Stents Go Under the Microscope

A series of articles compares data on the Cypher and Taxus stents.
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Two drug-coated arterial stents have similar safety profiles, but the edge in some other measurements goes to the Cypher from

Johnson & Johnson

(JNJ) - Get Report

over Taxus by

Boston Scientific

(BSX) - Get Report

.

That's the theme of articles published today in the

Journal of the American Medical Association

and the

New England Journal of Medicine

. But it's unclear how these articles might affect sales of the products -- Taxus is the U.S. market leader -- because the authors say additional research is needed in order to make a better comparison.

"Our finding needs to be confirmed by longer follow-up studies," say the authors of an article in the

Journal of the American Medical Association

, which analyzed the results of six previous clinical trials involving the stents.

"A large-scale randomized trial may help settle this score more definitely," says an editorial in the

New England Journal of Medicine

, which also assessed previous clinical trials.

In examining the wire-mesh tubes that are inserted into arteries to improve blood flow, the

JAMA

article and the

NEJM

editorial say Cypher patients have a statistically significant lower rate of arterial reclogging and a lower rate of repeat treatments with stents.

Drug-coated stents are inserted into arteries to help reduce the risk of heart attack or stroke. They're inserted into patients who have undergone angioplasty, a process that unclogs an artery filled with plaque.

These drug-coated stents release a chemical to reduce this risk of reclogging, or restenosis. Drug-coated stents have virtually supplanted uncoated stents, which are also known as bare metal stents. Uncoated stents do a better job than angioplasty alone in reducing the risk of reclogging.

The

JAMA

and

NEJM

authors say they're not sure why the Cypher stent performed better than the Taxus stent in these medical indicators. The difference could be due to stent design, the mechanisms that enable the drugs to be released from the stents, or the drugs themselves. Cypher uses a drug called sirolimus, while Taxus uses the drug paclitaxel.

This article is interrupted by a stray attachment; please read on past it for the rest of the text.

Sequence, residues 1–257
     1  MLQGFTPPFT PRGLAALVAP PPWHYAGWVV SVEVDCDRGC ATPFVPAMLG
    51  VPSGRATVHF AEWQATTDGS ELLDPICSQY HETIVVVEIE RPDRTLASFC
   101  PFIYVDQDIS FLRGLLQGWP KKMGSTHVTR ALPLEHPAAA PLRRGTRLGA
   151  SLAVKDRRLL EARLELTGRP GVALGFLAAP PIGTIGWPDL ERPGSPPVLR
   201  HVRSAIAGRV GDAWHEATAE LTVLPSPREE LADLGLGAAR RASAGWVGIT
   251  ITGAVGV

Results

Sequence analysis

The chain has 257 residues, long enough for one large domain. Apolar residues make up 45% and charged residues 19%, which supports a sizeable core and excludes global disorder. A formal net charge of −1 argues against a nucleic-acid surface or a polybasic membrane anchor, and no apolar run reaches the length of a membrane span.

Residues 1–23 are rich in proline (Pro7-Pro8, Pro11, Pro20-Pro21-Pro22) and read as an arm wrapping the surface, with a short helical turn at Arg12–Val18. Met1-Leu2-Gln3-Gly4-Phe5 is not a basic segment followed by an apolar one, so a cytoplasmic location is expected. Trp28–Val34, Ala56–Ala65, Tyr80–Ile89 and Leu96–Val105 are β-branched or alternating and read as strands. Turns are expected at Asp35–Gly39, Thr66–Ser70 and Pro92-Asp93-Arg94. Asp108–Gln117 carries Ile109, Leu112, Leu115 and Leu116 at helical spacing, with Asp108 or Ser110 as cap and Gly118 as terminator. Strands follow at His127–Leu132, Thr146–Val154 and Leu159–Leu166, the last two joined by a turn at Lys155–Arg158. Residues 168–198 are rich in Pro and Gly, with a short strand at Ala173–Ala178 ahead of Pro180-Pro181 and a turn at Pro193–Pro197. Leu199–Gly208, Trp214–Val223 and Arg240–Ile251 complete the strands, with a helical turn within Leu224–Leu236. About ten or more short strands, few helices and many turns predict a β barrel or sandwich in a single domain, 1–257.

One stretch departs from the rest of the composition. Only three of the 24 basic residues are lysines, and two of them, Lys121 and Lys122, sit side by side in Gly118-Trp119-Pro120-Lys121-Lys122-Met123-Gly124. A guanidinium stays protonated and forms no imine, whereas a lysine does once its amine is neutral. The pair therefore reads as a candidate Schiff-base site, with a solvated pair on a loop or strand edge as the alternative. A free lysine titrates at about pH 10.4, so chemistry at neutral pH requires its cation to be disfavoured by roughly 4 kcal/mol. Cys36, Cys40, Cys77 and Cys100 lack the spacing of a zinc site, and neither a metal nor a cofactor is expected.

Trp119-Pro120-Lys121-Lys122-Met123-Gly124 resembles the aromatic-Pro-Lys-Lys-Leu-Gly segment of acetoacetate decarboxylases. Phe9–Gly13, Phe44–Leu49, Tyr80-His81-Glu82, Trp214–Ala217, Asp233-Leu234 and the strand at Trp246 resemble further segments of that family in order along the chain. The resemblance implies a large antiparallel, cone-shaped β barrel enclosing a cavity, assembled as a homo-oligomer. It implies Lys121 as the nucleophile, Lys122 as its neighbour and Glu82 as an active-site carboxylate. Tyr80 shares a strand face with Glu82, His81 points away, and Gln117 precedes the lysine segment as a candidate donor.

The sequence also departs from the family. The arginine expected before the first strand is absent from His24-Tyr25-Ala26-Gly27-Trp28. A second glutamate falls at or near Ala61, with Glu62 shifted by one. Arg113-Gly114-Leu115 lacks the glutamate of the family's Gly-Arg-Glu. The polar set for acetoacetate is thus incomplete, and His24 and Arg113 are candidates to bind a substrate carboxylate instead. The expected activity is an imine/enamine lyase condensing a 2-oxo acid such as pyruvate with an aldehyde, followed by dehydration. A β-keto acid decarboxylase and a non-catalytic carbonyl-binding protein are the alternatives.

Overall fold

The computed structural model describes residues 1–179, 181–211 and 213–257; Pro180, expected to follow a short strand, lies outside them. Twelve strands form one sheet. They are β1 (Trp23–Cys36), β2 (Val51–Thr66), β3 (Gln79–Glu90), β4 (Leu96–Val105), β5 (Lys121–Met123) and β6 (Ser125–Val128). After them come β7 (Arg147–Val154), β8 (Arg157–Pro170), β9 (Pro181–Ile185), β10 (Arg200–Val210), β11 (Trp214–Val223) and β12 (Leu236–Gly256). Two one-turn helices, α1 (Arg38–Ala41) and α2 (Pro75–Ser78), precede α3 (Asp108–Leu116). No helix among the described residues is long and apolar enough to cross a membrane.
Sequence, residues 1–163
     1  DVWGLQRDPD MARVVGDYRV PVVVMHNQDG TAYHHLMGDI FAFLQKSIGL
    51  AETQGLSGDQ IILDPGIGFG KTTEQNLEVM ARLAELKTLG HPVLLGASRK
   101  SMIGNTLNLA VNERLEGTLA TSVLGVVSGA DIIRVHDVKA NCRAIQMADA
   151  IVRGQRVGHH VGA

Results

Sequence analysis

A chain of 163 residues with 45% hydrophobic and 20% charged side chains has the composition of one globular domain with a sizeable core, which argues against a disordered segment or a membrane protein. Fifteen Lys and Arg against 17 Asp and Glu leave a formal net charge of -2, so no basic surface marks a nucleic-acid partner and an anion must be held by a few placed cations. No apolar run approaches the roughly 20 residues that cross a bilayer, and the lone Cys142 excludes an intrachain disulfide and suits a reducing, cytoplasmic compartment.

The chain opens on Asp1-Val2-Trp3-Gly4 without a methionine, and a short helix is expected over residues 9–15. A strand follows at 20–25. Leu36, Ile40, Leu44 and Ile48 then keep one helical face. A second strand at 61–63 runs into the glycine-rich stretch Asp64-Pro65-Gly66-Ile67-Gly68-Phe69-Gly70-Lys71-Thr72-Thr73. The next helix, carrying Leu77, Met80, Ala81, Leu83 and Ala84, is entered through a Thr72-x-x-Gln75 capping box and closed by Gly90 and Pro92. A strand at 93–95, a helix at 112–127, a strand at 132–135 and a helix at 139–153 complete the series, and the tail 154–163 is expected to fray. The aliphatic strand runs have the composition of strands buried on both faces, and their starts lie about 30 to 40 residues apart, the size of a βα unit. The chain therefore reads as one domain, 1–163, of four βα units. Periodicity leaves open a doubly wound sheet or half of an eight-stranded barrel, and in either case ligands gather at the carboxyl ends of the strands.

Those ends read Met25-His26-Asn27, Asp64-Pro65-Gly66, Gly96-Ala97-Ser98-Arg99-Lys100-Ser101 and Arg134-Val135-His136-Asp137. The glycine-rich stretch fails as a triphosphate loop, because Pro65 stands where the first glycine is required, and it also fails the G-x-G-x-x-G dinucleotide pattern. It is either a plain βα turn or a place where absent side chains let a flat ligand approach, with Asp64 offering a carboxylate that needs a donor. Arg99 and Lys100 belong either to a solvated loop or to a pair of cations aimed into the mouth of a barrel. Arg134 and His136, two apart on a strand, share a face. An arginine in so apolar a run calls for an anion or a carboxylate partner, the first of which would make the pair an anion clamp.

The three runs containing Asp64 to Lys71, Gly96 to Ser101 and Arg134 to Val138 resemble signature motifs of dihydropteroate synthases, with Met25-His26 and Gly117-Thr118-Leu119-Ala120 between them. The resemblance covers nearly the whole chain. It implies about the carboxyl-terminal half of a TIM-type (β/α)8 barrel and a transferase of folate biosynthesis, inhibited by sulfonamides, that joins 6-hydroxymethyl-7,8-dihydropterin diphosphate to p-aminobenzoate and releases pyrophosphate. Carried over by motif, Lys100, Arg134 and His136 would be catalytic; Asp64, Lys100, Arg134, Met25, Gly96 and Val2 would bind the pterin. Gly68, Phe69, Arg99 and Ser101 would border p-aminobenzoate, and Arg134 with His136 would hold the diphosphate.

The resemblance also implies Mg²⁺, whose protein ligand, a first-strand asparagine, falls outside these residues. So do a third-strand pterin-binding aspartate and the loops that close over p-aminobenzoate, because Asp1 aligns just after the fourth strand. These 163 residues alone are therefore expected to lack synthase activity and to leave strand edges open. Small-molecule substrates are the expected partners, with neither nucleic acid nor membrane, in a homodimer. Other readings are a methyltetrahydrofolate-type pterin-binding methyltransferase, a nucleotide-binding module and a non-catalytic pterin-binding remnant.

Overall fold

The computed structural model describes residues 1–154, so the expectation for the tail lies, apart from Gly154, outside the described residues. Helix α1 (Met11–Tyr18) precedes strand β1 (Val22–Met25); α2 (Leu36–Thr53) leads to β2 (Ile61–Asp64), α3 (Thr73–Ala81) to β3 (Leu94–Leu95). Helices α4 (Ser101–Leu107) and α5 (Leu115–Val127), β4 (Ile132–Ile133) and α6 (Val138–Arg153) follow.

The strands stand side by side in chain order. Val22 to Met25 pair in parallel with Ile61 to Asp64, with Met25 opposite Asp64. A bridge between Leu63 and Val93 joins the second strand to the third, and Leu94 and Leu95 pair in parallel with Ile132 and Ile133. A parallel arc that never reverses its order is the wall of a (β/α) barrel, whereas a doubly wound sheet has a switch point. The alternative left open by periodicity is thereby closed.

"Other unidentified factors may as well be responsible for the observed difference in performance between the two stents,"

JAMA

says.

None of the articles offers new research. The

JAMA

article and the

NEJM

editorial focused on a statistical compilation of previous clinical trials. Two other

NEJM

articles described clinical trial results that had been presented at medical conferences.

In

JAMA

, the authors concluded that Cypher had a lower rate of restenosis and a lower rate of target lesion revascularization, or the need to put in another stent at previously treated site.

The rates of death, heart attack and stent-related blood clots were statistically similar for both stents.

Researchers looked at six clinical trials involving 3,669 patients, conducting a statistical examination, known as meta-analysis, to integrate the data from several studies. The eight

JAMA

authors are affiliated with medical institutions in Germany, Spain and Switzerland. Although two have received research grants or lecture fees from some U.S. companies, they haven't received any payments from J&J or Boston Scientific.

The

NEJM

editorial adds that overall data suggest that Cypher provides a "clinical edge" but that Taxus "holds an edge on availablility, deliverability and cost."

In calling for a more definitive comparison, the editorial writer, Dr. David J. Moliterno noted that some of the tests that he reviewed "have limitations that affect the reliability of their findings." In two of the tests, for example, he said the number of patients tested was "moderate," and each clinical trial was conducted at only two study centers.

Moliterno added that the testing of second-generation stents and stent delivery systems "is already well under way." Moliterno is chief of cardiology and co-director of the Gill Heart Institute at the University of Kentucky. He has received payments from Boston Scientific and

Guidant

(GDT)

for serving on independent data-safety monitoring committees which evaluate clinical trials of stents.

Guidant is one of several U.S. companies trying to develop drug-coated stents. Other competitors include

Medtronic

(MDT) - Get Report

, which late last month received European Union approval for its Endeavor drug-coated stent, and

Abbott Laboratories

(ABT) - Get Report

. The various articles published today only looked at the J&J and Boston Scientific products.